The miners are deeply socialist, as most miners of that era were. The organiser has a tendency to revert to the rule book at every opportunity in deciding what is and is not allowable, including the offer of an attractive young woman to pose nude for them.
When one of the miners is offered a paid patron, this divides the group. Should one be allowed to stand out? The political theme runs throughout the play, but does not dominate it.
The play is reasonably long at two and a half hours, but it never gets stale. The continual conflict between the miners, but also the appreciation of the rarity of what they are doing, makes the play a very enjoyable experience.
An Unseasonable Fall of Snow, at Circa, is one of those plays that grips you from the first minute and never lets go. It is a play full of mystery. Who is Arthur the interrogator? Is he a police officer? A lawyer? And what exactly is it that young Liam has done?
It is a who dun it, but not in the usual way. For 90 minutes you are intrigued and guessing, and then somewhat stunned and moved as it all comes together.
The play is a fest of Brophys. Well known Geraldine Brophy is the director. The other three Brophys are not related to Geraldine but are father Jed, mother Yolande and son Riley.
Jed and Riley play Arthur and Liam respectively, and both excel. They portray their characters with conviction and you the tension between them is excellent.
Yolande plays Toni, a brief but important character, and she is also the production manager.
For me to enjoy a play, I have to get an emotional connection, and this play not only made the connection but sustained it for 90 minutes. The sense of mystery, the tension between the two leads, the slow revealing of clues, and the, shall we call it, moment of truth. A simple yet effective set supported by sympathetic lighting all contributed to a great experience.
It’s one of those rare plays I’d quite like to go back and see a second time, to see what clues I didn’t pick up early on.
The play is set in Wellington, which also adds to the enjoyment and familiarity. It is on until Saturday 4 October.
The play, written by Lucas Hnath started on Broadway, and I think this is the first time it has been produced in New Zealand.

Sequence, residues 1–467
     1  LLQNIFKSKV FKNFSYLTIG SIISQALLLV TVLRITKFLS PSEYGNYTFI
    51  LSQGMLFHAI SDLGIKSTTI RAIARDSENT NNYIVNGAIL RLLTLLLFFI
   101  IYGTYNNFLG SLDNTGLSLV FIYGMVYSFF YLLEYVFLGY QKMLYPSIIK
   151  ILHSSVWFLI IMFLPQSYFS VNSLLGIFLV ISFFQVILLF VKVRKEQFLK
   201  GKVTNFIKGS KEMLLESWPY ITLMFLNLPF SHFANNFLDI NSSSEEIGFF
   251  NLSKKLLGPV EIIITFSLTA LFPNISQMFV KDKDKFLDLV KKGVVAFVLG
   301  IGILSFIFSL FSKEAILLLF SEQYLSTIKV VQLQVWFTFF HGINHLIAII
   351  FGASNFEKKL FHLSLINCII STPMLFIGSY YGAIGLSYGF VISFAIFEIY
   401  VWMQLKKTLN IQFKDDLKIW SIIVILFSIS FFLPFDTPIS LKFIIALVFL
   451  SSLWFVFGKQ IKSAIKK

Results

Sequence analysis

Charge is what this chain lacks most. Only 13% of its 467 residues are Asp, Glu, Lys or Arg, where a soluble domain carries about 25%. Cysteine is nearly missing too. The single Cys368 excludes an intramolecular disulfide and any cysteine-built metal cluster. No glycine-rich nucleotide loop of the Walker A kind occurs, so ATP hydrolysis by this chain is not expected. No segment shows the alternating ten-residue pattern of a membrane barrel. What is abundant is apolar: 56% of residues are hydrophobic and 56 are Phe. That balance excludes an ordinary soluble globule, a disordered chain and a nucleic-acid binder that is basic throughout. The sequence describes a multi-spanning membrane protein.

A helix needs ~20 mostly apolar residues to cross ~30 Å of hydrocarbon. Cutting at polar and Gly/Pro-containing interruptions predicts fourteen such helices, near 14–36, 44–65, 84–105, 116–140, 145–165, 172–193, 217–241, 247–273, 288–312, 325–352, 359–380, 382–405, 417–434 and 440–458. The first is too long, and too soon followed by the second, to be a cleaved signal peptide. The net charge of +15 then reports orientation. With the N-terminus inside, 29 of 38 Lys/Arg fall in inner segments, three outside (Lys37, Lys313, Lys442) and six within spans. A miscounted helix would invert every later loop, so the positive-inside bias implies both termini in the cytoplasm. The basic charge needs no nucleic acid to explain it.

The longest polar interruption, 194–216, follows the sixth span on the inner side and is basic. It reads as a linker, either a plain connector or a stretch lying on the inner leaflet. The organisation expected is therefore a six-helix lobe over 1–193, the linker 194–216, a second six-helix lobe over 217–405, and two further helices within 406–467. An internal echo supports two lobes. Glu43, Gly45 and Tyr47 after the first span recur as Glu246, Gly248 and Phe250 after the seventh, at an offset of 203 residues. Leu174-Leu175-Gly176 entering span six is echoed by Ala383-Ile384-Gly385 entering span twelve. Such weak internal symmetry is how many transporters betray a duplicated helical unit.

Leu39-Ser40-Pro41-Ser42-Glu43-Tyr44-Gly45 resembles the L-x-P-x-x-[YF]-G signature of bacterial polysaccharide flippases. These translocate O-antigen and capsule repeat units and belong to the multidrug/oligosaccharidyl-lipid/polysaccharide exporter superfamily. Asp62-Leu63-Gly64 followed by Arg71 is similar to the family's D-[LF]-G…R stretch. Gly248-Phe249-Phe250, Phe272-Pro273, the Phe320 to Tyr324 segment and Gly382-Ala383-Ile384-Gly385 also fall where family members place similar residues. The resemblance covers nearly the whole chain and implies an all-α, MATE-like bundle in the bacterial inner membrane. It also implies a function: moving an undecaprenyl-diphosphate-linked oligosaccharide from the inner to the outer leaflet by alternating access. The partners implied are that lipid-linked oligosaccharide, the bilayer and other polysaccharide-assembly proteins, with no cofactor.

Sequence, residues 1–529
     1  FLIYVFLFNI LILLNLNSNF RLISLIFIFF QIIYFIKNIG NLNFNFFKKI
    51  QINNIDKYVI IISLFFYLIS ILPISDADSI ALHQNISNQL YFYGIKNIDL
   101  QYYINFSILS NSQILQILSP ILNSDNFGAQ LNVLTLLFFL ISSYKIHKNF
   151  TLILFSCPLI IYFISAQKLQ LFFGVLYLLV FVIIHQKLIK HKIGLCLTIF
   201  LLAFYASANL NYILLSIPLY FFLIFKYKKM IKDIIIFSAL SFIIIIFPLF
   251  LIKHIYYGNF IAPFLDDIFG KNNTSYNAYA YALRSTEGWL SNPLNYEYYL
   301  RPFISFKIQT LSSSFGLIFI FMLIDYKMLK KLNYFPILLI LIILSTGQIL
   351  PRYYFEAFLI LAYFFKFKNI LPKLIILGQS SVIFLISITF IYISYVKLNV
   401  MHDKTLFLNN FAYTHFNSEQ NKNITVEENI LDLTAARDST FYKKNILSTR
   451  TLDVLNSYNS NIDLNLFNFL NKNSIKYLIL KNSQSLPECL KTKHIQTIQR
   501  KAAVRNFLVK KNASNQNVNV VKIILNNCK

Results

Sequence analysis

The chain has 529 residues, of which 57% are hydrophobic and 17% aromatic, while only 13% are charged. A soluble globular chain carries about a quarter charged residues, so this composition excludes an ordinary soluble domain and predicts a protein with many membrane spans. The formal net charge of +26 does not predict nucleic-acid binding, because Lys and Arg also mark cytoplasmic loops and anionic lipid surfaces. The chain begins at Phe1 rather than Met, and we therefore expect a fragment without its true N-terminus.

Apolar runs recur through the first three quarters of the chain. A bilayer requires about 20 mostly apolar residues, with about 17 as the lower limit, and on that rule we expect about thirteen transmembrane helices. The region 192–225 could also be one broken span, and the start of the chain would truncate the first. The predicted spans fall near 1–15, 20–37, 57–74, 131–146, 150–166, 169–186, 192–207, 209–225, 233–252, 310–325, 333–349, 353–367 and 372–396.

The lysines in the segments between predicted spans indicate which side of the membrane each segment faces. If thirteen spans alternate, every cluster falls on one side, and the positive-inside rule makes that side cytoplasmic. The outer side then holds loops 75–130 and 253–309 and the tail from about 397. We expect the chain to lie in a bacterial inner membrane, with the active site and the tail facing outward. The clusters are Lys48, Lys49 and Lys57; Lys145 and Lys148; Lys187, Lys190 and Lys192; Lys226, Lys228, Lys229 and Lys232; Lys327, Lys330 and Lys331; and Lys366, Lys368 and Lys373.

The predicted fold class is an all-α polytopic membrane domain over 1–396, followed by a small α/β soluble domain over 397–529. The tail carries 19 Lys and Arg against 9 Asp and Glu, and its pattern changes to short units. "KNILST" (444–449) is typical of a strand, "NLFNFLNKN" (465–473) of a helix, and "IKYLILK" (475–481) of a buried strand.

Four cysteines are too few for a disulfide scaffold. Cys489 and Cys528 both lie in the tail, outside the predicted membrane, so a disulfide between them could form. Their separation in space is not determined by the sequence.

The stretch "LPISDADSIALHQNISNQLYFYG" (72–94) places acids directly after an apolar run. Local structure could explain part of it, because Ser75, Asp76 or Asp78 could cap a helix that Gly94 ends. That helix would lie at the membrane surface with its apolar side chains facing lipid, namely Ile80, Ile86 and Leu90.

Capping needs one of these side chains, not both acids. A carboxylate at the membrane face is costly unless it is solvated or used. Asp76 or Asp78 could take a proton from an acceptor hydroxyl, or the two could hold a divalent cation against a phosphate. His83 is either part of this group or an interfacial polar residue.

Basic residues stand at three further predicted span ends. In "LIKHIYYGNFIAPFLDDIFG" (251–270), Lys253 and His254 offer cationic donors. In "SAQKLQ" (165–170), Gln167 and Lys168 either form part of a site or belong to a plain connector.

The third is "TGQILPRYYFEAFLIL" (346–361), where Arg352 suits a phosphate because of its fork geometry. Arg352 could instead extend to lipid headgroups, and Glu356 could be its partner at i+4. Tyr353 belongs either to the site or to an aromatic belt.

I was excited to see the play, as it starred David McPhail as Walt Disney. However, despite some very good acting, I found the play overall under-whelming.
The four actors did well. I loved seeing David McPhail on the stage, and he looked and felt the part of a domineering boss. Maybe he was channeling his years spent playing Muldoon.
Nick Blake played Walt’s brother Roy. Roy was CEO of Disney for many years and was portrayed as the guy kept in the shadows by Walt, and even used by Walt as a foil. His depiction of Roy was very sympathetic .
Jessica Robinson played Walt’s daughter (Diane, but not named in the play). She had few lines but they were the best parts, especially when she said she didn’t want to call a son Walt, because “When I say your name, I think all sorts of things I don’t want to think. When I say your name, I think of you, and when I think of you I get all angry, and when I think of you and the way you act, and the way you yell …”
And Richard Falkner played Ron, Walt’s son-in-law. He was portrayed as a bit of a sports focused jock (and looked the part). He wanted a role with the Disney empire, even as a cleaner, but was not seen up to scratch.
The cast did well, and I liked the production details such as having Diane and Ron on stage through all the scenes where they didn’t talk, but reacting with facial expressions. Robinson especially conveyed as much with her expressions as her line.
But overall I found the play hard to get into. It livened up around half way through, but it did not emotionally engage me. There was some dramatic tension and humour, but you never felt particularly warm or repulsed to any of the characters. It almost seemed ordinary, except it was about the family of Walt Disney.
It could have been redeemed (and the fault is with the script, not the local production) if the play was based on real events. I like plays where you learn stuff about someone famous, especially a side not seen before. One could do a very good play about the darker side of Walt Disney. He was on the fringes of the anti-semitic movement, and he had feuds lasting decades with staff.
But the focus on the family didn’t work for me, as it seems to be more speculation than fact. While Disney may have been a difficult father, his daughter actually is very loyal to him, and has attacked other works criticising him. She even set up the family museum in his honour. And one of her sons is named Walter.
The son-in-law actually was CEO of Disney for many years, so wasn’t a thicko. And the stuff on Disney wanting to be cryogenically frozen is a debunked urban legend.
It’s entirely possible A Public Reading of an Unproduced Screenplay about The Death of Walt Disney could work much better in the relative intimacy of Circa Two – and I have a strong feeling Destination Beehive (in Circa Two with its cast of eight) is destined to sell out and leave many punters disappointed. If it was logistically possible for the shows to swap venues, I think they should.
I’d endorse that. This play is unlikely to have mass appeal, but it is still an interesting insight into the Disney empire.
Went to Circa yesterday to see Destination Beehive, and I laughed almost non stop for 80 minutes.
It’s a great production that anyone who has even a small interest in politics will adore. Pinky Agnew and Lorae Perry have combined a topical hilarious script, with some great acting and some mashed up tunes that are very catchy.